Use this URL to cite or link to this record in EThOS: https://ethos.bl.uk/OrderDetails.do?uin=uk.bl.ethos.758006
Title: Sent to Coventry : the role played by social networks in the settlement of dispersed Congolese asylum seekers
Author: Murray, Fraser
ISNI:       0000 0004 7430 8104
Awarding Body: Oxford Brookes University
Current Institution: Oxford Brookes University
Date of Award: 2015
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Abstract:
The interplay between the UK’s asylum policies and the response by asylum seekers in cultivating friendship ties and social networks is the focus of this thesis. The importance of this research lies in how it demonstrates the way friendship ties develop among dispersed asylum seekers and how they are integral in bridging the void between asylum legislation and the refugee experience. As a result of asylum policies and their implementation, a liminal space emerges which asylum seekers are forced to inhabit while awaiting a decision on their asylum claim. This research is based on a framework that identifies how UK asylum policy shapes this liminal space and its relationship to the refugee experience. Building on existing academic research focused on contrasting bridges which offer asylum seekers a means of mediating passage, this thesis presents friendship ties and social networks as highly adaptable mechanisms. Such mechanisms function alongside both state-supported structures and RCOs but, more importantly, compensate for the shortcomings of both in terms of service provision. Based in Coventry, a dispersal city, the research provides an original angle, focusing on Congolese asylum seekers who have never previously formed the basis of study in the UK. It shows how asylum seekers’ daily lives are affected by the asylum regime and how they develop friendship ties and social networks as a means of mitigating the difficulties of living in the UK. By providing rich and nuanced accounts of asylum seekers friendship development---the dynamics and longevity of these friendships---the research puts the experiences of asylum seekers within the context of the refugee experience and presents how the imposition of dispersal forces asylum seekers to develop alternate strategies to survive. These strategies are led by key individuals who support others in forming, developing and mobilising social networks and social capital.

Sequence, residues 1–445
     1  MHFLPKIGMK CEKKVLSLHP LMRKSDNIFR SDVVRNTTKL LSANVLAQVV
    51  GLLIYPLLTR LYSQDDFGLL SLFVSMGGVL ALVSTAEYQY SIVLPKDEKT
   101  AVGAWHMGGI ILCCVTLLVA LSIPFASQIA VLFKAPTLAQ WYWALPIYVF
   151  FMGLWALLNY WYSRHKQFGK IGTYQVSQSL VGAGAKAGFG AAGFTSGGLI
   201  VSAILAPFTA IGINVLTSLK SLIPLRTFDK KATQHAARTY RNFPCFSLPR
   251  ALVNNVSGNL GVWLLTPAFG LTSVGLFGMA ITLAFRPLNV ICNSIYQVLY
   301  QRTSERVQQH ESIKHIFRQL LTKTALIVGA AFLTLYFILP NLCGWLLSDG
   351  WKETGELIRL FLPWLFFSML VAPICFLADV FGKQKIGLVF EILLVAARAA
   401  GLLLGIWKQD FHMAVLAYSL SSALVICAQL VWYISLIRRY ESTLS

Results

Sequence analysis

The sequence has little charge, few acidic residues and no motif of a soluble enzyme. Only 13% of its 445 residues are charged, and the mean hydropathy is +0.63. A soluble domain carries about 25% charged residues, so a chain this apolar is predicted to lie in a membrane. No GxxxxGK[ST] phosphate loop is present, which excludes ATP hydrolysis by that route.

Supervisor: Brownill, Sue ; Sigona, Nando Sponsor: Not available
Qualification Name: Thesis (Ph.D.) Qualification Level: Doctoral
EThOS ID: uk.bl.ethos.758006  DOI:
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